Posted on Thursday, August 5th, 2010 by Adam Quigley
UPDATE: We have now confirmed that James Newton Howard is in fact taking over for Elfman. Original article follows.
Add another item to the ever-growing list of setbacks plaguing The Green Hornet. The film has been having problems since day one, and between the tacked-on 3D post-conversion and the delayed January (aka “dump month”) release date, it appears that not even the addition of director Michel Gondry (following Stephen Chow‘s departure) may have been enough to salvage the project from its production woes.
The bright side here is that this particular setback may inadvertently work to the film’s advantage. Danny Elfman was originally set to work the score for The Green Hornet, but now he’s out, and James Newton Howard is in talks to take over as composer. Learn more after the break.
The report comes from The Playlist, with the reason for Elfman’s departure being scheduling conflicts due to his numerous other projects—he has Gus Van Sant’s Restless up next, and Paul Haggis’ The Next Three Days after that.
After seeing the second trailer for The Green Hornet at Comic-Con, my interest in the film immediately deflated, though I can see why this news would excite a lot of people. I don’t think Danny Elfman’s recent scores have been nearly as bad as people make them out to be—his contributions to Alice in Wonderland (sample) and The Wolfman (sample) were solid, and I love his 60-second addition to Kick-Ass—but he’s definitely grown repetitive over the years, and none of his work has been remotely as memorable as anything he produced in the ’80s and ’90s.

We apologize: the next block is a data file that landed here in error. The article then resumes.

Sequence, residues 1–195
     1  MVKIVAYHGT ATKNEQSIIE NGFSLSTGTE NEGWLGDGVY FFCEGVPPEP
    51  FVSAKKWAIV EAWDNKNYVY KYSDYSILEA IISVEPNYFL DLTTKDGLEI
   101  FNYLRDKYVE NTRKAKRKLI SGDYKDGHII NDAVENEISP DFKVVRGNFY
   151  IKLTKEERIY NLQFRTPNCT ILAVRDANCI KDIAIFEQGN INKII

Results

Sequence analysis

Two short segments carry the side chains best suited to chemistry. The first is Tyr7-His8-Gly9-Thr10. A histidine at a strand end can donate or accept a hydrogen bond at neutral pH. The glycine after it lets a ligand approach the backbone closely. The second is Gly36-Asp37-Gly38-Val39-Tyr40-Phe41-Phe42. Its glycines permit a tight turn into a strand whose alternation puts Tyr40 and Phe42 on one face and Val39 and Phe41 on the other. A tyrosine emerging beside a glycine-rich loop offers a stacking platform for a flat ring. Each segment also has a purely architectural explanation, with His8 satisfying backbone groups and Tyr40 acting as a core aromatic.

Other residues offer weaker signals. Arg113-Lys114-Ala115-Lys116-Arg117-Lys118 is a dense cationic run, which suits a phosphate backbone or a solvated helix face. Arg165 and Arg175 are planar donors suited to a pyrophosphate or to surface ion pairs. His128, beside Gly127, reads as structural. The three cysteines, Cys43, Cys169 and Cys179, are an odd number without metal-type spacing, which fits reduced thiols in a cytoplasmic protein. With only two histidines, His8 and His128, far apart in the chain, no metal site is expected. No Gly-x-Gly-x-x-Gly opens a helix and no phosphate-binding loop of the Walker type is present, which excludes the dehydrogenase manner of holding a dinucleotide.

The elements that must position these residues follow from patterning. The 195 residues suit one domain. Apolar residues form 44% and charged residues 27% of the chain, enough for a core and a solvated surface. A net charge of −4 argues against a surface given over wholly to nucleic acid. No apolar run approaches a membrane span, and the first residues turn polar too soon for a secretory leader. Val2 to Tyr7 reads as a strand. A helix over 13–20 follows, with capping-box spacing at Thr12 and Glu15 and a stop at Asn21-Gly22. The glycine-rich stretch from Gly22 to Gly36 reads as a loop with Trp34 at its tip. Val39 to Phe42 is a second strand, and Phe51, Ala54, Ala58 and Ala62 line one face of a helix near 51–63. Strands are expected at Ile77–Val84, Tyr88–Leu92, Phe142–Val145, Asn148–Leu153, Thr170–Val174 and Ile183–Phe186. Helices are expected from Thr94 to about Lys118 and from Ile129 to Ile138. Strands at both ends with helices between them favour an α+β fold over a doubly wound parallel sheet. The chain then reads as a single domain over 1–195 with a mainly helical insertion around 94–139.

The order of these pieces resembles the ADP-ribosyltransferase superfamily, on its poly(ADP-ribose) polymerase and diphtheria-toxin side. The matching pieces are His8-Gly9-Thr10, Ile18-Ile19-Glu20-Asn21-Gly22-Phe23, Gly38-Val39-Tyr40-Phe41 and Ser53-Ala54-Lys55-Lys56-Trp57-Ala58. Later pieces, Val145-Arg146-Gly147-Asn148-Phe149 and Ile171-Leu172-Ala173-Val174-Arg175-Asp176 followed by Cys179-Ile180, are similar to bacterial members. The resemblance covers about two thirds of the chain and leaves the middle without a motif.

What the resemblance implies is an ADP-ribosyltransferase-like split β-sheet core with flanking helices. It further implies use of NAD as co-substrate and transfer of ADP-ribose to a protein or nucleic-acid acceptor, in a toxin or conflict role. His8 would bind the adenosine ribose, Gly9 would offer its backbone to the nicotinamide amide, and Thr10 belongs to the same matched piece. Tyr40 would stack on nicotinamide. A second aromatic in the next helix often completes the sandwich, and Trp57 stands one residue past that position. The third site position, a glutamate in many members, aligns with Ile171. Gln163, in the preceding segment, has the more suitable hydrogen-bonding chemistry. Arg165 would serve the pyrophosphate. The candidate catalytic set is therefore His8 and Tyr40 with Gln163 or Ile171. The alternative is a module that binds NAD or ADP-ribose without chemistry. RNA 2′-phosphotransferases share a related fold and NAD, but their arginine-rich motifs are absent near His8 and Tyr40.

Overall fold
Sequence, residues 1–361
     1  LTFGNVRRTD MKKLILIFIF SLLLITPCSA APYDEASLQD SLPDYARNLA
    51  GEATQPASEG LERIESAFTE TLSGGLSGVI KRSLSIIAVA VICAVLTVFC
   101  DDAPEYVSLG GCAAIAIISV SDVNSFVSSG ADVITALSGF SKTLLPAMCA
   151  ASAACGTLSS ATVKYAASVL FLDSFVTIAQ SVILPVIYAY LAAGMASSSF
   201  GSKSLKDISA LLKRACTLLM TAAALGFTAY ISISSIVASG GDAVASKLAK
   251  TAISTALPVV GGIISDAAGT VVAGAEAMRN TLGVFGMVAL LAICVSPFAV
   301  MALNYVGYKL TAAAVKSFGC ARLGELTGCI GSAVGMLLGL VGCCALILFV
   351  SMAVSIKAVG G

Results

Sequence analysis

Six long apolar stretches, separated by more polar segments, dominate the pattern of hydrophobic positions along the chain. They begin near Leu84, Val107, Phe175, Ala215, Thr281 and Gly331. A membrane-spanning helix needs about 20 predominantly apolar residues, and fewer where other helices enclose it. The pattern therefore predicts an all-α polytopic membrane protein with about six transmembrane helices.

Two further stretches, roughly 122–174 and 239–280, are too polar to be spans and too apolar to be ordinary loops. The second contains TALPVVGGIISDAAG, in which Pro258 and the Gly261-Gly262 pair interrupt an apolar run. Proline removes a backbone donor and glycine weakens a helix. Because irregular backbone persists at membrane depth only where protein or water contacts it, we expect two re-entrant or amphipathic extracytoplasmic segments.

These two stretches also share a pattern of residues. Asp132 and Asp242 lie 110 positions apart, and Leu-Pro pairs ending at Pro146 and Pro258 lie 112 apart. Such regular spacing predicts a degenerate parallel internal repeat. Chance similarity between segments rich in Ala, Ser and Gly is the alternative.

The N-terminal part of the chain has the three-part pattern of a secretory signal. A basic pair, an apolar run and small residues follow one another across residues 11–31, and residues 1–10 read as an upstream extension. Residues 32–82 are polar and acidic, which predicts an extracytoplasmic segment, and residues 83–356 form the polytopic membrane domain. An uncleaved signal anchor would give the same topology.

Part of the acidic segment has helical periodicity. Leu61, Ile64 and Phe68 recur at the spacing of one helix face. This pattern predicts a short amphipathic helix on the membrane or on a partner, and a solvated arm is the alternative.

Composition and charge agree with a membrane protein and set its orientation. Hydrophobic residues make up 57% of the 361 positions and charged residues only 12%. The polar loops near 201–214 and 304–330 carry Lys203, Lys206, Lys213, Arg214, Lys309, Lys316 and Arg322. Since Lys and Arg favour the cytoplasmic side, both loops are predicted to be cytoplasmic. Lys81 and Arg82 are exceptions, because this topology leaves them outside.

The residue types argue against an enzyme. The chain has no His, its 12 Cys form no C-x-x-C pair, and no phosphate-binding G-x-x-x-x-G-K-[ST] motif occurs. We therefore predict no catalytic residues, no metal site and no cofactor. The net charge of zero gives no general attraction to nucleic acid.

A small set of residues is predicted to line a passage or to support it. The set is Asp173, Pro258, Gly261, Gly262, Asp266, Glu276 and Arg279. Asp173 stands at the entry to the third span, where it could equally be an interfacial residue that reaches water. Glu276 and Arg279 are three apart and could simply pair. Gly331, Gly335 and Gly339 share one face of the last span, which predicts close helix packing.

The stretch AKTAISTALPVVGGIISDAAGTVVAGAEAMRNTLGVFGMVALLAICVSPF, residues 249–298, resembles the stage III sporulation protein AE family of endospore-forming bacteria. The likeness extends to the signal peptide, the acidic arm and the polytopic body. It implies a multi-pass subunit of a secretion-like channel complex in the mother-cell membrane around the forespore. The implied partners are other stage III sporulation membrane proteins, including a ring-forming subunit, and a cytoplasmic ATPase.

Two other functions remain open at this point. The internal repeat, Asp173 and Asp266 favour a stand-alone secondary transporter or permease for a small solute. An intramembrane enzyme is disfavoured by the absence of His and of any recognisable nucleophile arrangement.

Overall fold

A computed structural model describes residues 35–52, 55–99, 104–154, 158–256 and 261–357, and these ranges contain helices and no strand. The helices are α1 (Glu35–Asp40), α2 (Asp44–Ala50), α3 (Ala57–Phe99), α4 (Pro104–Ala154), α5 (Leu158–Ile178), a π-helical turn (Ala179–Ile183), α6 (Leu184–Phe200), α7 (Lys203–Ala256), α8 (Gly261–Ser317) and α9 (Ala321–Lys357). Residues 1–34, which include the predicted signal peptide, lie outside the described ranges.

James Newton Howard, meanwhile, has been delivering a consistently varied mix of exceptionally strong scores (Salt, Duplicity, Blood Diamond), even earning Oscar noms for his work on Michael Clayton (sample) and Defiance (sample), as well as aiding Hans Zimmer on the phenomenal scores for Batman Begins and The Dark Knight. His music was also one of the few redeeming things about The Last Airbender (sample), poorly utilized though it may have been. And as an extra bit of color-coded superhero synergy, he’s also doing the score for The Green Lantern.
While I think Elfman is probably the more suitable/obvious choice for the attempted offbeat style of The Green Hornet, I look forward to finding out what James Newton Howard is able to bring to the material. That’s assuming he does in fact come on board, of course.